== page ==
Investigation of Repeat Client Drop-Out and Re-Enrolment Cycles in Fourteen Methadone Maintenance Treatment Clinics in Guangdong, China

Lei Zhang, Xia Zou, Di Zhang, Xiaoling Li, Peizhen Zhao, Li Ling

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Client adherence is vital for effective methadone maintenance treatment (MMT). This studyexplores the pattern and associated factors of client adherence, drop-out and re-enrolmentin the Chinese MMT programme over the period of 2006–2013.


This retrospective study was conducted in 14 MMT clinics in Guangdong Province, China.We employed Kaplan-Meier survival analysis to estimate the rates of drop-out and re-enrolmentof MMT clients and multivariate Cox regression to identify associated factors.


Among 1,512 study participants, 79% have experienced ‘drop-out’ during the 7-year studyperiod. However, 82% ‘dropped-out’ clients resumed treatment at a later time. Low educationlevel (junior high or below versus otherwise, HR = 1.21, 1.05–1.40), low methadonedosage in the first treatment episode (<50 ml versus 50 ml, HR = 1.84, 1.64–2.06) andhigher proportion of positive urine test (50% versus<50%, HR = 3.72, 3.30–4.20) duringthe first treatment episode were strong predictors of subsequent drop-outs of the participants.Among the ‘dropped-out’ clients, being female (HR = 1.40, 1.23–1.60), being married(HR = 1.19, 1.09–1.30), and having a higher proportion of positive urine tests in the firsttreatment episode (50% versus<50%, HR = 1.35, 1.20–1.51) had greater likelihood ofsubsequent re-enrolment in MMT. Clients receiving lower methadone dosage (first treatmentepisode <50 ml versus 50 ml, HR = 1.12, 1.03–1.23; the last intake before drop-out<50 ml versus 50 ml, HR = 1.16, 1.04–1.30) were also more likely to re-enrol.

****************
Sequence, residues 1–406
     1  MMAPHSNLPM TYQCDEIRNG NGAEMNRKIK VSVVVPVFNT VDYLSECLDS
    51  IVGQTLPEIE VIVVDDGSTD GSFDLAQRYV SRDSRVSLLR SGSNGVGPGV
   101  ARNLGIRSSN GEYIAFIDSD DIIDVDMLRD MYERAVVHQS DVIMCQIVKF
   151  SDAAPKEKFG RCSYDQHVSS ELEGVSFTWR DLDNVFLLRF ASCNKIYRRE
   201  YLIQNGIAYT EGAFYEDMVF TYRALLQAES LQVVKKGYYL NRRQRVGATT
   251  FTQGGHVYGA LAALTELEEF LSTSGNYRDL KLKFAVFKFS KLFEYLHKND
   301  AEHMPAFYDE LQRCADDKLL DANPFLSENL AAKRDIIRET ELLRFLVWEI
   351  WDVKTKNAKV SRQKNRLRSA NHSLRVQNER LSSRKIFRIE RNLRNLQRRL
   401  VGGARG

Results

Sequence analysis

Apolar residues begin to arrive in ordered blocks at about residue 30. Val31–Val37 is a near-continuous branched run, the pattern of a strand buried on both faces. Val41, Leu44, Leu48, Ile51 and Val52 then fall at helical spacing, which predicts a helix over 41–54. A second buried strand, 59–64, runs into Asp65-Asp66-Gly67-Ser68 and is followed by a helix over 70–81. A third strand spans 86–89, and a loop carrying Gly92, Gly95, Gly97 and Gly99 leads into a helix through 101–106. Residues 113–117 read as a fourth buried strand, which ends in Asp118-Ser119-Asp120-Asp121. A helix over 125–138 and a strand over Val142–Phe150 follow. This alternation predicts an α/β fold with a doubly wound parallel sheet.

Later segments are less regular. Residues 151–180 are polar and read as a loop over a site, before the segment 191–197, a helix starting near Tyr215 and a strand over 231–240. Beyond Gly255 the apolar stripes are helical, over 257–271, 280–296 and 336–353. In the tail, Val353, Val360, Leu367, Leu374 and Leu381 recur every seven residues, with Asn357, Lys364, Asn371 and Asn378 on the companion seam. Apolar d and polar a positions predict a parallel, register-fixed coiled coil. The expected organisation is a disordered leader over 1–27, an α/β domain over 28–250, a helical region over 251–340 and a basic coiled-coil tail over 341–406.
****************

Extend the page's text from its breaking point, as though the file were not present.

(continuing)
Persistent cycling in-and-out of clients in MMT programmes is common. Insufficient dosage and higher proportion of positive urine samples in the first treatment episode are the key determinants for subsequent client drop-out and re-enrolment. Interventions should target clients in their early stage of treatment to improve retention in the long term.
Original languageEnglish
Article numbere0139942
Number of pages13
JournalPLoS ONE
Issue number10
Publication statusPublished - 2015
Externally publishedYes

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